It’s the time of year when graduation parties, Fourth of July celebrations and summertime travel create a high volume of drivers on the roads and that includes teens.
The months following Memorial Day prove to be the deadliest for teen drivers.
Triple A says nationally about 1,050 people were killed in crashes involving teens in 2016.
High school senior Kasey says she knows how dangerous driving on the road with her peers can be.
“Driving in general can be dangerous, but we’re so new so when there’s a lot of us on the road that don’t quite know what they’re doing yet behind the wheel that you can create more crashes.”
20-year driving instructor Rod Sigl can attest to that.
He says teens have plenty of free time during the summer.
“I can see where this time of year the next hundred days would be the deadliest time for teenagers who are inexperienced to begin with to be out on the road,” says Sigl.
There’s a lot to remember while driving, even if you’ve been doing it for years.
Aside from following the typical rules of the road, Sigl says parents should talk to teens about getting rid of distractions.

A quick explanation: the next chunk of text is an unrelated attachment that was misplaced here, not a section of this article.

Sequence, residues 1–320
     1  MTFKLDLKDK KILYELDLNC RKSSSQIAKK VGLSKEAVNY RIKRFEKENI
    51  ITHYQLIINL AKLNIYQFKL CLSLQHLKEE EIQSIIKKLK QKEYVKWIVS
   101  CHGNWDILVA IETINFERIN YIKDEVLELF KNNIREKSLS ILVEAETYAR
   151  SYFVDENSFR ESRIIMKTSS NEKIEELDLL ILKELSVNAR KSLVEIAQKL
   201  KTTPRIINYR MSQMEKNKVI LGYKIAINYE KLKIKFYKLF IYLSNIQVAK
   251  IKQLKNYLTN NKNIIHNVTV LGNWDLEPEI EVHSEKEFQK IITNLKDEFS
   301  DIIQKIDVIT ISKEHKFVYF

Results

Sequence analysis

“I turn off my phone to make sure it doesn’t distract me or anyone else and make sure that if I have passengers that they know that my main goal is to make sure everyone gets there safely,” says Kasey.
Triple A also says as a parent set an example by limiting your risky driving behavior.
But whatever you do, make sure they know to pay attention at all times.
“I always tell them one simple fact: no look, no license,” says Sigl. “They have to learn to look at intersections, most crashes happen at an intersection. They have to focus on driving, it’s a full-time job now.”
Triple A says speed and nighttime driving are factors that contribute to these crashes.
Make sure you set driving limits for your teens and enforce them.